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- Borrowers with low credit are more likely to be offered higher interest rates and fees.
- There are lenders that cater specifically to those on the lower end of the credit spectrum, but the rates and terms offered will be less favorable than if you had a good to excellent score.
- Prequalify with at least three lenders to get a well-rounded idea of what a competitive loan offer looks like for your credit situation.
For most Americans, earning a perfect credit score isn’t an easy feat. According to Experian, the average score in the U.S. is 714, which is a far-cry from the perfect score of 850.
While most lenders prefer a good-to-excellent score for approval, having fair credit — a FICO score between 580 and 669 — doesn’t mean that securing a loan is impossible, although it may take some time and energy to find the best loan for you and your credit situation.
5 steps to qualify for a fair credit loan
Lenders — particularly online ones — still offer a competitive rate to those with credit scores of 600 and up. When beginning your journey to find a fair credit loan, consider the following steps to increase your chances of getting the best possible loan for your credit score and history.
Pay down current debt — especially credit cards
Similar to your credit score, your debt-to-income ratio (DTI) serves as a measure of your ability to pay off a loan. This figure, expressed as a percentage, shows the lender how much of your monthly gross income is compromised by your debts.
Most lenders prefer a DTI of under 43 percent or lower. If you aren’t in a time crunch, paying down your debt prior to a loan application will make you much more appealing to lenders, especially if you have a DTI on the higher end.
Credit cards are especially important to pay down and keep down. Revolving credit, especially ones that you use heavily and carry a balance with, can hurt your ability to qualify when your credit is on the fair end of the spectrum. What’s more, these debts often carry high interest rates which can keep you stuck in a cycle of debt.
Prequalify with multiple lenders
Prequalification is offered by most lenders and financial institutions, is free of charge and is completed online. You’ll fill out a short form, give some basic personal and financial information and then can proceed with the official application if you’re pleased with your offer.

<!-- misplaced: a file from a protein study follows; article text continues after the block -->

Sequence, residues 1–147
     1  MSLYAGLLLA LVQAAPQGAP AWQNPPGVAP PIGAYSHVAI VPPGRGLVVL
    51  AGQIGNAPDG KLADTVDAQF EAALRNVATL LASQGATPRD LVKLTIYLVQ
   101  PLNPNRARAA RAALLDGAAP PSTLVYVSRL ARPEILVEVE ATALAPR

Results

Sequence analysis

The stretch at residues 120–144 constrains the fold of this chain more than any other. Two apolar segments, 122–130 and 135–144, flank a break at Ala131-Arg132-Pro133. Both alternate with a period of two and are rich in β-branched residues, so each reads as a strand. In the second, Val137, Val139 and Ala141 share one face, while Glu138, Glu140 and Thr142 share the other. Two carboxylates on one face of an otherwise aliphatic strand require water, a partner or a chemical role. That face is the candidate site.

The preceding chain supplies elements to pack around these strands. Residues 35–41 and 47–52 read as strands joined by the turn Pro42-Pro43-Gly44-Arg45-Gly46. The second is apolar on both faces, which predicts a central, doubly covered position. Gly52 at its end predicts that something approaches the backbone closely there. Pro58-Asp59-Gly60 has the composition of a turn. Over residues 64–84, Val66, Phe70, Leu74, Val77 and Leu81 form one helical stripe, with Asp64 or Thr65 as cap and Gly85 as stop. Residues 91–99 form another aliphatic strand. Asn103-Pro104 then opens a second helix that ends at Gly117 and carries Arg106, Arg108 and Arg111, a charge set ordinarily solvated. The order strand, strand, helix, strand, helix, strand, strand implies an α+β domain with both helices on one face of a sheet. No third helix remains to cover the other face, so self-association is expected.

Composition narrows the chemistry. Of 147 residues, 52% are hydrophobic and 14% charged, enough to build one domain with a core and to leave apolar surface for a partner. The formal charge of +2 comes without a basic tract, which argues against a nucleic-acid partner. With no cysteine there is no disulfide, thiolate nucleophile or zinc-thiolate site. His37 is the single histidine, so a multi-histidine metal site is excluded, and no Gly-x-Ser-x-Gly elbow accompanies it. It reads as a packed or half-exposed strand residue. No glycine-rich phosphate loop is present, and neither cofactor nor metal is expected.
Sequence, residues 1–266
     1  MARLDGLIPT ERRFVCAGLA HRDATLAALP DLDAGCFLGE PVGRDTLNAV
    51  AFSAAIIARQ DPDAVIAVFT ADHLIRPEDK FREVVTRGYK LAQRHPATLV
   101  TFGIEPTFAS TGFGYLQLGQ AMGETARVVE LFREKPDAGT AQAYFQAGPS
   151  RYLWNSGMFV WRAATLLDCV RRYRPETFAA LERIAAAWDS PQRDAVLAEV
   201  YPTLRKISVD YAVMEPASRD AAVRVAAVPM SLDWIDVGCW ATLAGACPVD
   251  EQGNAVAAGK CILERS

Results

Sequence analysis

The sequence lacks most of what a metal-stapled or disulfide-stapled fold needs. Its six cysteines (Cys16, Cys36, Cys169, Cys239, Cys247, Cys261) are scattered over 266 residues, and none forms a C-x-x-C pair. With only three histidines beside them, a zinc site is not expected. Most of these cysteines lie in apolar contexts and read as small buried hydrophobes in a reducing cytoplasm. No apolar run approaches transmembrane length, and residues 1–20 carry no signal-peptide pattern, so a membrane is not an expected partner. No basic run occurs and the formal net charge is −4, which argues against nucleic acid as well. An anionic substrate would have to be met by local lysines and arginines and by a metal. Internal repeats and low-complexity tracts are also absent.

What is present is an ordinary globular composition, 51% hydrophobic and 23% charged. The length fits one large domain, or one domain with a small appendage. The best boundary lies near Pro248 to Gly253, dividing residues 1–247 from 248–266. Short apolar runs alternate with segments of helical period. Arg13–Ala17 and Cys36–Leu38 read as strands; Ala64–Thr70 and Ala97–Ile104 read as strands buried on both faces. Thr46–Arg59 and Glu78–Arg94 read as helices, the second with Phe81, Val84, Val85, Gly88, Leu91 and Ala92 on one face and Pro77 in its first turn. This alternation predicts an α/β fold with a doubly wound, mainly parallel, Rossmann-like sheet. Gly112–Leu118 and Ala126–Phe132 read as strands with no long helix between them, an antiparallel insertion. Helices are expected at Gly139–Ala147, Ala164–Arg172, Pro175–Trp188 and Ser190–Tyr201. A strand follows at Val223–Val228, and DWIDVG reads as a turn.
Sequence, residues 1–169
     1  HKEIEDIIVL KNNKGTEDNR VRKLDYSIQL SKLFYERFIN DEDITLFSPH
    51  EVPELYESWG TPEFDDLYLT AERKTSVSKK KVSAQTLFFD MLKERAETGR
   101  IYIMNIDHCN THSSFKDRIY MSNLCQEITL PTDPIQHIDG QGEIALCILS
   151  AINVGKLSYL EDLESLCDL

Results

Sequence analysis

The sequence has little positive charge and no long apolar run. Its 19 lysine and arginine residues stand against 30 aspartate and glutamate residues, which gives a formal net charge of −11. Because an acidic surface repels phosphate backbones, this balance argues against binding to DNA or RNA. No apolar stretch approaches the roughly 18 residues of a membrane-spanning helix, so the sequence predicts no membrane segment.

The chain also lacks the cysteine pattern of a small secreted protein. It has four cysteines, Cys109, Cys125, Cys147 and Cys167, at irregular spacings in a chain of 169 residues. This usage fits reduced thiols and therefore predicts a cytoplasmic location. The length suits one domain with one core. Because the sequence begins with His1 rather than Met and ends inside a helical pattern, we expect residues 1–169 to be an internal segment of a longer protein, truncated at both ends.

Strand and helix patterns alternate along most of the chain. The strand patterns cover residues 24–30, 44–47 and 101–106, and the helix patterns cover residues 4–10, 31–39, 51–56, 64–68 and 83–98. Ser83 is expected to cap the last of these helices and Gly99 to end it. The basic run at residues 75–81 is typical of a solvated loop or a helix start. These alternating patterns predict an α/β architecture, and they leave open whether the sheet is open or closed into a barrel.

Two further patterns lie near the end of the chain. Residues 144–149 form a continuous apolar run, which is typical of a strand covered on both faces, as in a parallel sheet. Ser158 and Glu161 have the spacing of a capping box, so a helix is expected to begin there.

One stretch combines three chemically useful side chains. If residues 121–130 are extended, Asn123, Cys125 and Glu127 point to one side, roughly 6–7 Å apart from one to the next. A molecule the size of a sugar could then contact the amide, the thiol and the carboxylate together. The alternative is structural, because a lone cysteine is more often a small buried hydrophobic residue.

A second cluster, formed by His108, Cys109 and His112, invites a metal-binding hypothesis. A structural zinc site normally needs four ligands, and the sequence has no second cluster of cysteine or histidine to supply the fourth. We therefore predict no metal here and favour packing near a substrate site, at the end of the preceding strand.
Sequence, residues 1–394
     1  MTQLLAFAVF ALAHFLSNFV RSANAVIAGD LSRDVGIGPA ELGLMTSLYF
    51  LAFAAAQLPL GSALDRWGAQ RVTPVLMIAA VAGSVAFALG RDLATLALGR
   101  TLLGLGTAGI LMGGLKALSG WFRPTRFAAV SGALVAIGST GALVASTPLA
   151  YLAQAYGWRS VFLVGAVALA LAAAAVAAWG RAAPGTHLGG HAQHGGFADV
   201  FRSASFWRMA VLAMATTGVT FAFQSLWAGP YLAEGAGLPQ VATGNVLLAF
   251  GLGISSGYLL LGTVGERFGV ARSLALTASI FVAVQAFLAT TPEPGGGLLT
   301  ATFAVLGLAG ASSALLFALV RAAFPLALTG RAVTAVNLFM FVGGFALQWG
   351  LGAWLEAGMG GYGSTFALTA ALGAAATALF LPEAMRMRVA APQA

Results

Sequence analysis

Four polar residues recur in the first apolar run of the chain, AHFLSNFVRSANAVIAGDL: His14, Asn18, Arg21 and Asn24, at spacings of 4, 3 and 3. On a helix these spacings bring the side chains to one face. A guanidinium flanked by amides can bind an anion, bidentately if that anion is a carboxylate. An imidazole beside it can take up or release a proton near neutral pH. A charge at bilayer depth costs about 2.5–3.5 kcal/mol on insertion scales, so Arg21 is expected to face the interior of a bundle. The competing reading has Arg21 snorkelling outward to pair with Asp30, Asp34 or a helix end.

Explore loans from a local bank or credit union
If you have a history with a local bank or credit union it is likely that these institutions will offer exclusive benefits and offers to preexisting customers or borrowers. For example, many lenders offer interest rate discounts or extended grace periods to members.
Plus, you may be able to use your repayment or personal history with the bank to negotiate interest rates or terms to score a more competitive offer.
Research peer-to-peer lenders
Peer-to-peer (P2P) lenders are online companies that match borrowers with individual investors who are willing to lend them money based on a specific criteria. While peer-to-peer loans may carry higher interest rates than those offered by banks and credit unions, they tend to have more flexible credit requirements.
Borrowers with low credit may benefit from the P2P lending structure; some look holistically at each applicant for approval rather than only considering credit score.
Use a co-signer
Adding a co-signer increases your likelihood of approval, as the individual’s credit score and financials are taken into account when applying for a loan. Additionally, you’re more likely to secure a better interest rate.
When looking for a co-signer, it is best to add someone with a strong credit score of 700 and over, and that has a close relationship with you. Before signing on the dotted line, make a repayment plan with your co-signer, as they’ll be responsible for making any delinquent payments and their credit will also take a hit.
Alternatives to a fair credit loan
If you are struggling to qualify for a personal loan, consider these alternatives:
- Zero percent APR credit card. One way to consolidate debt is with a 0 percent APR credit card. In this case, you simply move your card balance to ensure that interest doesn’t add up and in turn have a period — usually 12 months — to pay down your debt.
- Home equity loan or line of credit. Homeowners can dip into cash found in the equity of their homes with a home equity loan or a home equity line of credit (HELOC). But since you use the property as collateral, missed payments can result in home foreclosure.
- Paycheck advance. If you have an emergency expense, an advance on your next check may be useful. Just be careful — you’ll be short that money when your next check rolls around, so you’ll need to budget accordingly.
Getting a loan with fair credit takes patience
While it can be more challenging to secure a competitive rate as a fair credit borrower, it is still doable. Consider starting your journey at a local bank or credit union or working to pay down debt ahead of your application to ensure the best rates and terms.